Governments are tasked with bringing fair and efficient services to the public. Unfortunately, providing transparency and accountability often results in a reduction in efficiency and effectiveness or vice versa. Governments are usually forced to choose to improve one at the cost of the other. On rare occasions, technology comes along that enables governments to improve fairness and efficiency.
The move from paper-based record keeping to computer databases was one such technology. The internet was another. Blockchain is the next. Like the internet before it, blockchain will not only improve how the public interacts with government services, it will have broad economic and social implications.
How government can use blockchain
Blockchain will have a wide and varied impact on government services. Here we explore some promising examples.
Identity forms the cornerstone of interaction with government services, but current systems are flawed in many ways. Let’s look at two. First, identity requires extensive and expensive infrastructure. While developed nations enjoy the benefits of strong national identification, many developing countries struggle to provide robust identification. The World Bank estimates approximately 1 billion people do not have official proof of identity. Second, current identity systems are not secure. For example, India’s biometric authentication number system, known as Aadhaar, is vulnerable to a wide range of frauds, including those involving land transfers, procuring passports, getting loans, casting votes and more.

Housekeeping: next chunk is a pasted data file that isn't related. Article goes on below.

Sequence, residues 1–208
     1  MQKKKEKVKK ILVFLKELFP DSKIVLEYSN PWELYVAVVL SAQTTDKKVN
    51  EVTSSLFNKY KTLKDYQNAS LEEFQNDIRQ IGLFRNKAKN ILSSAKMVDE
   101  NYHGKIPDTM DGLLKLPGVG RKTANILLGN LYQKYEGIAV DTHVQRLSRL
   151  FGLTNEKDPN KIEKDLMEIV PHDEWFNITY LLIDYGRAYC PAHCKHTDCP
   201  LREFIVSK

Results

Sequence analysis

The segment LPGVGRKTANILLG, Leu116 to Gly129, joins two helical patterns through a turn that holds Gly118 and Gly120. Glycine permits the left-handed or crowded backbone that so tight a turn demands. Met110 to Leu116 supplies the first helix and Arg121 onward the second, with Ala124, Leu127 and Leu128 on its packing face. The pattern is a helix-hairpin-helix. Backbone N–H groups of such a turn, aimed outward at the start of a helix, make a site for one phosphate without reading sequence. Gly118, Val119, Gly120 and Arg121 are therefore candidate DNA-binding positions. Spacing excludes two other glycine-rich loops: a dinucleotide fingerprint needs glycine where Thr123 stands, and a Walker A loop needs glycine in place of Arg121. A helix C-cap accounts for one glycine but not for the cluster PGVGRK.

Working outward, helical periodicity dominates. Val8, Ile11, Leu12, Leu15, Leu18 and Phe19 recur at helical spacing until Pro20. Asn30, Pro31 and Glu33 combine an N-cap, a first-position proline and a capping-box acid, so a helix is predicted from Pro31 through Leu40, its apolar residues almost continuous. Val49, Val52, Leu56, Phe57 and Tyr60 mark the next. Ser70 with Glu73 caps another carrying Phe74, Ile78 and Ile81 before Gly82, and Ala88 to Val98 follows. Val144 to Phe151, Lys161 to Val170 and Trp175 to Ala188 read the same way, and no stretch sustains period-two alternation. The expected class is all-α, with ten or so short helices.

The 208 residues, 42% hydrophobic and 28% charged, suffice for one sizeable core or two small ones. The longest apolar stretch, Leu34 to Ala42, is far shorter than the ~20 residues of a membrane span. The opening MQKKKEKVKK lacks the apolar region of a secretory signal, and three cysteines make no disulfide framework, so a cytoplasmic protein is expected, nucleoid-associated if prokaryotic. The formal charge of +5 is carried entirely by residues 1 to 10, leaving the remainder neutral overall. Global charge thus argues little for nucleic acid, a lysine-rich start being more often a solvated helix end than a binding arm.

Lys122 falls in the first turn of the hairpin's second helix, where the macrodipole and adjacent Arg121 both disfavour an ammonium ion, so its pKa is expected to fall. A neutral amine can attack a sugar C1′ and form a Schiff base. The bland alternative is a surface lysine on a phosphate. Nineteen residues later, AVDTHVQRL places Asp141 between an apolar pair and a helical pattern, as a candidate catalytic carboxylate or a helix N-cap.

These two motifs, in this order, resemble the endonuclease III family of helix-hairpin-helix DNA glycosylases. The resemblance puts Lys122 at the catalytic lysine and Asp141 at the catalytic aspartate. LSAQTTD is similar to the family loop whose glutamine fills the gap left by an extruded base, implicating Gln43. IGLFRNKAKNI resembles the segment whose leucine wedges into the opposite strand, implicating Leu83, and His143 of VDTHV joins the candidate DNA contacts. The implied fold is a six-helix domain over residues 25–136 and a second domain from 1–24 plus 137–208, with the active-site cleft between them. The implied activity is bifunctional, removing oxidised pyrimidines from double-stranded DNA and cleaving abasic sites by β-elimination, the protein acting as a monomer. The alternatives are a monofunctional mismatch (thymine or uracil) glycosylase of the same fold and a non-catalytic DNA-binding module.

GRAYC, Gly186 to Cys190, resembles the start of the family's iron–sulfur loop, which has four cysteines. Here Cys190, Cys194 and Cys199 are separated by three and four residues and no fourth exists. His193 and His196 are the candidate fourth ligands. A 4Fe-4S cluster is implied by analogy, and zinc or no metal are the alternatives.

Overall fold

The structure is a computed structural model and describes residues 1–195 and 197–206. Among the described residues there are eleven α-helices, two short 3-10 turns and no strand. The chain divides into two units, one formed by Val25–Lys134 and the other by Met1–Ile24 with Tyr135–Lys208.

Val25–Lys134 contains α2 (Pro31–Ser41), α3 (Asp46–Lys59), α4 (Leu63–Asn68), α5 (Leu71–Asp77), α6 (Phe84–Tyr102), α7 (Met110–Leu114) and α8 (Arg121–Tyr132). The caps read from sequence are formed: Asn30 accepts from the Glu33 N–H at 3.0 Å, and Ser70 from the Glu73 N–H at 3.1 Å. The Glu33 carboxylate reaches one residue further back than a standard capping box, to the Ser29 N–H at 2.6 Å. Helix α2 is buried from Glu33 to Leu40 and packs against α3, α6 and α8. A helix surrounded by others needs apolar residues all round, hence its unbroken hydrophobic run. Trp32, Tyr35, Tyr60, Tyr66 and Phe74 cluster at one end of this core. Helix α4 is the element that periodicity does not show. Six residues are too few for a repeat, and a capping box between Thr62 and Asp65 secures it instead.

Blockchain’s strengths align remarkably well to mitigate the weaknesses mentioned above. Blockchain’s decentralized